Sycamore's Impressive Yield
By Jo-Ann Kaiser | Posted: 04/02/2013 4:21PM
American sycamore is going through a resurgence in popularity. Traditionally used in furniture, containers, millwork, flooring, veneer, plywood, pulp wood and particleboard, the species is growing in demand due to its low cost and lacewood-like appearance. click image to zoomFAMILY NAMES
Platanus occidentalis of the Family Plantanaceaebr>
Sycamore, American sycamore, American planetree, American plane, California button, California sycamore, buttonwood, buttonball tree, planetree, water beech, ghost tree
Average height is 120 feet, with 3-foot diameters, but the tree can grow to 175 feet or more. Average weight is 34 pounds per cubic foot.
Wood shrinks moderately in drying and may warp when flat sawn. The USDA Forest Service experts recommend a kiln schedule of T6-D2 for 4/4, 5/4 and 6/4 material and T3-D1 for 8/4 and 10/4.
American sycamore is classified as moderate in weight, hardness, stiffness and shock resistance. The wood glues and holds nails well, holds its shape after steaming, and is odorless and tasteless.
One reason for the resurgence is the push for locally sourced wood products, plus fluctuations in the exchange rate of the dollar. We also see that some users find domestics a more attractive alternative, with drawer sides a growing market segment within wood components.
The veneer generally is sliced into quarters to produce a distinct medullary ray or flake. When cut into quarters it makes a flake that’s similar to lacewood and is sometimes used in place of lacewood and platano. American sycamore color ranges from nearly white to a reddish brown heartwood, and many logs are huge by today’s standards, providing customers a larger yield.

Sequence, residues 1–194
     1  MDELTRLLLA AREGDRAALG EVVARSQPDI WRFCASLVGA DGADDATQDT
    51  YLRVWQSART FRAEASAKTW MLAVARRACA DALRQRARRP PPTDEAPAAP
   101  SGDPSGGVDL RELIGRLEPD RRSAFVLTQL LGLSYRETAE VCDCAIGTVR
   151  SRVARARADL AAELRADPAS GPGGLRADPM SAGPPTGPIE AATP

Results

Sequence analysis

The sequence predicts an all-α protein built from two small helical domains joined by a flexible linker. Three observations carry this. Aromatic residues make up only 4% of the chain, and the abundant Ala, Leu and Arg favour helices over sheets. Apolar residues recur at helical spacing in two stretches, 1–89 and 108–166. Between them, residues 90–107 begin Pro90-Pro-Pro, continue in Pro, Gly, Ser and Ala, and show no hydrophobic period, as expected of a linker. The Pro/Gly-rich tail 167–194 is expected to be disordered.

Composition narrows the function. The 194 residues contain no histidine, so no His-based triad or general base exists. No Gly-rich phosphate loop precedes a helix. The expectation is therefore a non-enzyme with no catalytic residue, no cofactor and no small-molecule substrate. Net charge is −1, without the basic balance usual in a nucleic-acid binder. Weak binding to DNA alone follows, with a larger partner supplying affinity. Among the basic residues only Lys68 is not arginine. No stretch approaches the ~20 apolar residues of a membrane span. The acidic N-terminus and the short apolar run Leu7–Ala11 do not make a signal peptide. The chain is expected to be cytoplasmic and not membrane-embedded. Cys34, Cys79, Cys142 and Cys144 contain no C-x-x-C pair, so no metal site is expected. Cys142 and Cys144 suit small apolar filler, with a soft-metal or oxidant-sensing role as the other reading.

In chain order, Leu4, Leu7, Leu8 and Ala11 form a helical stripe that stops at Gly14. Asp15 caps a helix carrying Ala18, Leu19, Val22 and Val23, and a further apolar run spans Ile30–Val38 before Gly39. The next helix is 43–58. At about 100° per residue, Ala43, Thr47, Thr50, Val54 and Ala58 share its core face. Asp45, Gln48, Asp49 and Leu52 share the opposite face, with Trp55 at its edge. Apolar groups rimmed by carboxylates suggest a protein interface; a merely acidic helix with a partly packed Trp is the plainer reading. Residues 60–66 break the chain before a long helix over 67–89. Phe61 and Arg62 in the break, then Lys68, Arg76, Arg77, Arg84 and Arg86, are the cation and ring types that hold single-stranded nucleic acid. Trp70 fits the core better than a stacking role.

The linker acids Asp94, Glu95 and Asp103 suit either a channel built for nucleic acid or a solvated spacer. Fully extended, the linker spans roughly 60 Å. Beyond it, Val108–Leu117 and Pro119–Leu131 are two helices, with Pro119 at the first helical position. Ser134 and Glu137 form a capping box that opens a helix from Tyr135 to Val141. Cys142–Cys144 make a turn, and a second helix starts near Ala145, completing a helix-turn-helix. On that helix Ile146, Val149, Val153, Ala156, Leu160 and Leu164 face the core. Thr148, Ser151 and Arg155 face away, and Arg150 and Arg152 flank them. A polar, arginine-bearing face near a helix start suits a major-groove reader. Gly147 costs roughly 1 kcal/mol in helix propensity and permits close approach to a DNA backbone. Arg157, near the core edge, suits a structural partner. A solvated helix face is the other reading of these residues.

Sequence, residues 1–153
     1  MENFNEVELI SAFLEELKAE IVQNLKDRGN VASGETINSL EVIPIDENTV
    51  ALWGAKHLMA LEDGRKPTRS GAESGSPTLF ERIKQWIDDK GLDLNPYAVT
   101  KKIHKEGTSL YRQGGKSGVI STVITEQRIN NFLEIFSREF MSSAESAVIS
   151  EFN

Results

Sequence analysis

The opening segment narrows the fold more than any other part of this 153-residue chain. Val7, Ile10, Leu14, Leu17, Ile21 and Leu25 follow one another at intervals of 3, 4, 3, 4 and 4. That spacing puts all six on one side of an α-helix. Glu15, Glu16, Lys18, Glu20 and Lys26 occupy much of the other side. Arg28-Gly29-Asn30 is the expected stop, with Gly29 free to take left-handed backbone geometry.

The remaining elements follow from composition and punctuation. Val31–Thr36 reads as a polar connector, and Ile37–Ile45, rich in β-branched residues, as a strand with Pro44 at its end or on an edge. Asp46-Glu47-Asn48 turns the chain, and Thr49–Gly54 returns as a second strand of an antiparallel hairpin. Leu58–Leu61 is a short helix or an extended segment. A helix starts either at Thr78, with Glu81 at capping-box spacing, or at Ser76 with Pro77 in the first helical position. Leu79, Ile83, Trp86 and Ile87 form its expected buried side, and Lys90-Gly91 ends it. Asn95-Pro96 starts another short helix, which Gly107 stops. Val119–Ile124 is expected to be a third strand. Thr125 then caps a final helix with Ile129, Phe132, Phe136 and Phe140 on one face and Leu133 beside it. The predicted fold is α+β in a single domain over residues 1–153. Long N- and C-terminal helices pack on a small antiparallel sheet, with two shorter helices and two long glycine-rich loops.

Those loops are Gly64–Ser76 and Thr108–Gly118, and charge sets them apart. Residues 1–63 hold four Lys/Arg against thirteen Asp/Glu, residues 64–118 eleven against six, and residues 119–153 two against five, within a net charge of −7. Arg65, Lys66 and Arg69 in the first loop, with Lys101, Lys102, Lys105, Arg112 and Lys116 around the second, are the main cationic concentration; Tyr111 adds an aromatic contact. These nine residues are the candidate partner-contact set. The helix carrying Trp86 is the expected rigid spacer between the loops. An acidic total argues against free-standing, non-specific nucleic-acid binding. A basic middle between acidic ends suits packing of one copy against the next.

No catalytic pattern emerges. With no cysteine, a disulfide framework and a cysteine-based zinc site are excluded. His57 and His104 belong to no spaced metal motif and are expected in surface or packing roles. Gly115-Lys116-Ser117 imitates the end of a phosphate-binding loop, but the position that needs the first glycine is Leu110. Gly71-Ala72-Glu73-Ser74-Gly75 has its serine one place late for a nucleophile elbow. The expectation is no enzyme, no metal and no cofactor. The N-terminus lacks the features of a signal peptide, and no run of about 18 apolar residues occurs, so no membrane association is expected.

American sycamore (platanacae occidentalis) or plane-tree as it is also known, is closely related to European planetree (platanacae orientalis), and is nearly identical with the exception of color. The American is tan/yellow, while the European is pinkish.
American sycamore’s range is the eastern United States, from the Canadian border to the Gulf of Mexico, and from the Atlantic Coast west to the Great Plains.
In the United States, sycamore is a name reserved for several species of Platanus, among them Platanus occidentalis, Platanus racemosa and Platanus wrightii. But in Europe, the commonly used term sycamore refers to a species belonging to the maple family, Acer pseudoplatanus. European members of the Platanus species, such as Platanus hybrida are instead called plane or planetree.
In Europe, nobody refers to planetree as sycamore, due to the fact that their sycamore is what Americans refer to as maple (acer). Also, European planetree is commonly referred to as European lacewood in the USA and Europe as well.
The word ‘planetree’ unmistakably identifies this species on both continents. So it is important that customers are aware of the differences. Some experts suggest verifying orders with photographs.
About the Author
Jo-Ann KaiserJo-Ann Kaiser has been covering the woodworking industry for 31+ years. She is a contributing editor for the Woodworking Network and has been writing the Wood of the Month column since its inception in 1986.